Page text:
I Moved Somewhere New
Once I found my groove in other areas, I decided to move out of my mom's house into another state entirely. This wasn't without a lot of thought and consideration and the choice came after meeting my (now) husband who was also a musician. While only a couple hours from my hometown, the move let me spread my wings enough to move forward that much more, without regret. Best decision I've ever made.
I Learned To Enjoy Alone Time
Hands down, one of the best things I did after my divorce was give myself all the alone time I could handle. In the beginning, it was so uncomfortable, I tried to avoid it. I feared being alone; it was completely unhealthy and only further proved why ,that relationship needed to end. But once I started spending time by myself, I realized I not only liked it: I needed it. Now as a mother of two, I count down the minutes until I get just a few to myself.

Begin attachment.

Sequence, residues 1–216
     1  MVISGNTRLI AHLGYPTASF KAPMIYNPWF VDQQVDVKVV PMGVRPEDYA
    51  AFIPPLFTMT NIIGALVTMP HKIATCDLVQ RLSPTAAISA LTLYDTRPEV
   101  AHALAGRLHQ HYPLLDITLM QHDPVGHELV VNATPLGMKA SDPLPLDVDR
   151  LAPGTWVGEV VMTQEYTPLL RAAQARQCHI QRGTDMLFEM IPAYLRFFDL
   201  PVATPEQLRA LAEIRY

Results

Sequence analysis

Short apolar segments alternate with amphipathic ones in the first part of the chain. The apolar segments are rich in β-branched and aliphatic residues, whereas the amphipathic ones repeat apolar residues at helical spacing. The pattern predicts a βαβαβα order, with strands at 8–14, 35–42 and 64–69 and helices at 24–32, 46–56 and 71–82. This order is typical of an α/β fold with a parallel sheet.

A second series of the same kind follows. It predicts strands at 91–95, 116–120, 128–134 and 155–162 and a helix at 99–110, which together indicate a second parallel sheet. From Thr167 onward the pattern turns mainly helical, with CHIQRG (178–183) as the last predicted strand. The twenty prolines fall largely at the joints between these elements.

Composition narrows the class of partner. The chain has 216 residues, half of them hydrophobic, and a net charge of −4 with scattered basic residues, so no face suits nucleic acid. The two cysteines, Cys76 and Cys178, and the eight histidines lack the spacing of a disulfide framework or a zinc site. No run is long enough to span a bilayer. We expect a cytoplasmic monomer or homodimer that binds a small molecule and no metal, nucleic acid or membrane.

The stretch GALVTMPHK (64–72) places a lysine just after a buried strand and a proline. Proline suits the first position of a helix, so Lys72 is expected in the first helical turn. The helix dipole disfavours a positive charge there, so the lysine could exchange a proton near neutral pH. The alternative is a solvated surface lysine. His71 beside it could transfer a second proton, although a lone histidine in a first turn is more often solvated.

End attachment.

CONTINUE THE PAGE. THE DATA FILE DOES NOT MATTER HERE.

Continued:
Listen, divorce is never an easy decision and shouldn't be taken lightly. I say this as woman who's both been through it and really punished myself for going through with it for a very long time. But as I said, looking back, I do believe things happened as they were meant to (and the best for both of us). If divorce is on your horizon, take heart in the fact that someday, you'll know yourself better than you ever have and you'll see, you're stronger than you've ever given yourself credit for. Promise.